do u ever just meet someone and KNOW they have a tumblr with a long ass superwholock url & their blog title is something like “welcome to my twisted mind”

(via negativeinfin1ty)

— 11 minutes ago with 18356 notes

A black crow attacks one of the Pope’s white doves.

A black crow attacks one of the Pope’s white doves.

(Source: snpsnpsnp, via youaintnofamily)

— 25 minutes ago with 175342 notes

Hur du blir en modernt bitter kvinna;
Gör jobbiga saker som ingen förutsätter eller ber dig om att göra, bli sen upprörd när folk inte är så tacksamma som de skulle varit om de faktiskt bett dig, älta tills det upprepar sig.

— 1 day ago



how many times do you think you’ve seen the same bird twice.

out of all the things on this website that have fucked me up this is one of the worst

(via ami-suhzu)

— 1 day ago with 448776 notes



how i feel when i wear glasses vs how i feel without them. by AlliCattt

where’s her oscar because this is a full movie in 6 seconds

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— 1 day ago with 284178 notes
the best swedish insults


  • skitstövel = shit boot
  • träskalle = wood head
  • puttefnask = no direct translation; a physically small prostitute
  • snorvalp = snot puppy

(via laryngeal)

— 1 day ago with 4946 notes



I’m Italian but I wouldn’t mind in the slightest if some hot guys like these ones wanted to teach me more. In fact, please do.


I feel it is my duty to provide some translations or verbal expressions that often accompany these gestures. Beware, as most of these are slang (mostly from Rome) and not Standard Italian.

1) “Che cazzo stai a di’?!” or “(che) cazzo dici?”, vaguely equivalent to your “What the fuck are you saying/did you just say?”. Can be used as a dubitative expression even if it’s not referring to a conversation. Like when you’re driving in the traffic and someone tries to surpass you: “MA ‘NDO VAI?”, rigorously in caps, it means, figuratively, “Where do you think you’re going?”.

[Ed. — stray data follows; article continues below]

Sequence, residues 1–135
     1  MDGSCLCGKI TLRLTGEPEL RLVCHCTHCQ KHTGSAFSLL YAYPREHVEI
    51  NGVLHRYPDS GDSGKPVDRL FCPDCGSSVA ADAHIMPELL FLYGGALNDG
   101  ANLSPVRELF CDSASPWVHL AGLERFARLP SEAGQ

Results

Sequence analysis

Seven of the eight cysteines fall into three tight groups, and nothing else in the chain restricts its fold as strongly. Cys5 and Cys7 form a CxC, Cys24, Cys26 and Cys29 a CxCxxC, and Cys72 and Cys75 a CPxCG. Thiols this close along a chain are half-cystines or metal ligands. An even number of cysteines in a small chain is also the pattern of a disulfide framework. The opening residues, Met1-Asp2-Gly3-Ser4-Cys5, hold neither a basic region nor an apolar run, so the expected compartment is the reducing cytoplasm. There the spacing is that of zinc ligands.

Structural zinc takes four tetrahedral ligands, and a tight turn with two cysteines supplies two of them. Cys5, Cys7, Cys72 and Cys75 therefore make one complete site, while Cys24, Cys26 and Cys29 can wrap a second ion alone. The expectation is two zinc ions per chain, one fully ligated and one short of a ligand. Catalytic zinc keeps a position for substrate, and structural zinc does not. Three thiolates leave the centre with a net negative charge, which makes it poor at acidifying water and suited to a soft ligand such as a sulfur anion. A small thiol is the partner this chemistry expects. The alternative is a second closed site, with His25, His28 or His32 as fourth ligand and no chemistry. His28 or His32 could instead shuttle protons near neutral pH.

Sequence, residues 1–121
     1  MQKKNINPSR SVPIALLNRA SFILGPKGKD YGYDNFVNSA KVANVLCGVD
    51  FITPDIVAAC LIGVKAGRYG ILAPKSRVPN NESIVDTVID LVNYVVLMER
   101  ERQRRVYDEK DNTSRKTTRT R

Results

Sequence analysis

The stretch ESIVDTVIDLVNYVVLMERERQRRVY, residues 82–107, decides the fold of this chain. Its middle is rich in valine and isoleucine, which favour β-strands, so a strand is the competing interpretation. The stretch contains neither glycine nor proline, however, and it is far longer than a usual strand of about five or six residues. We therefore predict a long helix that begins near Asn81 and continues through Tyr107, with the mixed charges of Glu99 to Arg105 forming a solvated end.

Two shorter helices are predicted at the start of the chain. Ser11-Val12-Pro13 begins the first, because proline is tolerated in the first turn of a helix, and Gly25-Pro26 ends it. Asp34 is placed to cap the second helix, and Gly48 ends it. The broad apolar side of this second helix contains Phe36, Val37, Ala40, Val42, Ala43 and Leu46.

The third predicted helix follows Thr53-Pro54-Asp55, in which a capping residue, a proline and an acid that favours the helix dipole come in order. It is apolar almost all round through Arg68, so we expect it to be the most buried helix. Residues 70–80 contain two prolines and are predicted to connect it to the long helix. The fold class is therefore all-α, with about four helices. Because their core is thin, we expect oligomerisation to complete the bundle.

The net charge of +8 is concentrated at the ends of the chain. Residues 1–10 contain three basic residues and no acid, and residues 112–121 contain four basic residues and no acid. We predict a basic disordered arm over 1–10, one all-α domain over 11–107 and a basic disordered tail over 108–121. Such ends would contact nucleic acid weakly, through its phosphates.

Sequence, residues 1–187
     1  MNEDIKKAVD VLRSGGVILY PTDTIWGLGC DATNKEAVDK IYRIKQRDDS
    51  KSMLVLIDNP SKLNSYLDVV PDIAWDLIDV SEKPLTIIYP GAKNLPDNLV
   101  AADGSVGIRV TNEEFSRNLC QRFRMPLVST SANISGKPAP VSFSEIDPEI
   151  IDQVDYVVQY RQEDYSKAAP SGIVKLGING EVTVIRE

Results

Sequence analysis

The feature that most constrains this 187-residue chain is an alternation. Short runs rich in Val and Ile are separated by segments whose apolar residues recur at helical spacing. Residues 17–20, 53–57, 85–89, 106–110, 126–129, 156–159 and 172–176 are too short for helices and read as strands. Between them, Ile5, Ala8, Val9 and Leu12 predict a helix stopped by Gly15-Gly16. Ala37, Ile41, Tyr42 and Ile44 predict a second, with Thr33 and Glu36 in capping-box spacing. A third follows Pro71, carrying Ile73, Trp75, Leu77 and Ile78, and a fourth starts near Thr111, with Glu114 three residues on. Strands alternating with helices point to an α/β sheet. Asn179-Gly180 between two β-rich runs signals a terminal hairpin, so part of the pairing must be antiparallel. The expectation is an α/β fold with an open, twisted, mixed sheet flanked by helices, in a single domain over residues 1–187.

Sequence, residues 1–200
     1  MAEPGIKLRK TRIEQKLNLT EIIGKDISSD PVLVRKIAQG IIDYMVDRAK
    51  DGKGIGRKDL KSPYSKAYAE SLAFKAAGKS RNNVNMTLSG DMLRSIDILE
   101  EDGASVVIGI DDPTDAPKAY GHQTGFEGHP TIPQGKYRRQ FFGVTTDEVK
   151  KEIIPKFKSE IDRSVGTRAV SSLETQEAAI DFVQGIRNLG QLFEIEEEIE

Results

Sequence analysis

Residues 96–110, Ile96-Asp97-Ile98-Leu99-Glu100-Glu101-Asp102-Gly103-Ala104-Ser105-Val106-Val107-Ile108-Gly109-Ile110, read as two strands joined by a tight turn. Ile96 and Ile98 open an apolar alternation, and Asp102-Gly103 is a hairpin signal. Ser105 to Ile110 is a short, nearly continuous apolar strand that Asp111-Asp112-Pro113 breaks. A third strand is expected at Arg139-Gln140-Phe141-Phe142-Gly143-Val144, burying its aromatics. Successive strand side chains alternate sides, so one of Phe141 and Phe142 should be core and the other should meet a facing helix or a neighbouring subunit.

2) “Chi se ne fotte” or “‘Sti cazzi” or “Nun me ne po’ frega’ de meno”, colourful variations on the “I don’t give a damn” theme. Fun fact: the literal translation of “‘Sti cazzi” is “These cocks”.

3) It’s the “OK” sign, but be careful because some, especially the young ones, could interpret it as a symbolic reference to an orifice, especially if your hand stays still. If you’re in doubt, just say “Perfetto!” or “Daje!” (the “j” is not pronounced as in “just”, it’s more like the “j” of Scandinavian languages or the “ll” sound in the Spanish “tortillas”) or “E annamo!”. The last two are positive, encouraging expressions, similar to “Let’s go” or “Come on”.

4) This is literally called “gesture of the umbrella” (Gesto dell’ombrello) or “fare manichetto” (where “manichetto” refers to the forearm/sleeve, but there’s no exact translation for it). It’s the equivalent of giving the finger and you can easily accompany it with a good “Vaffanculo” (no translation needed, I think) or “Tiè” (“Take this!”) and honestly many more phrases, but I think it works better with silence.

For maximum effect, always remember to emphasize the spelling of all consonants, especially the double ones, and keep the vowels clear and loud. The stress usually lies on the vowel with the apostrophe.
These are all very, very informal expressions so be careful who you’re addressing when you decide to use them. Most importantly: have fun!

(via negativeinfin1ty)

— 1 day ago with 16498 notes

The Magic Circle, 1886 John William Waterhouse Tate Museum, London


The Magic Circle, 1886
John William Waterhouse
Tate Museum, London

— 2 days ago with 226 notes

Rembrandt, Lucretia (1664)

Rembrandt, Lucretia (1664)

(Source: renoiraa, via helloimnolan)

— 3 days ago with 2298 notes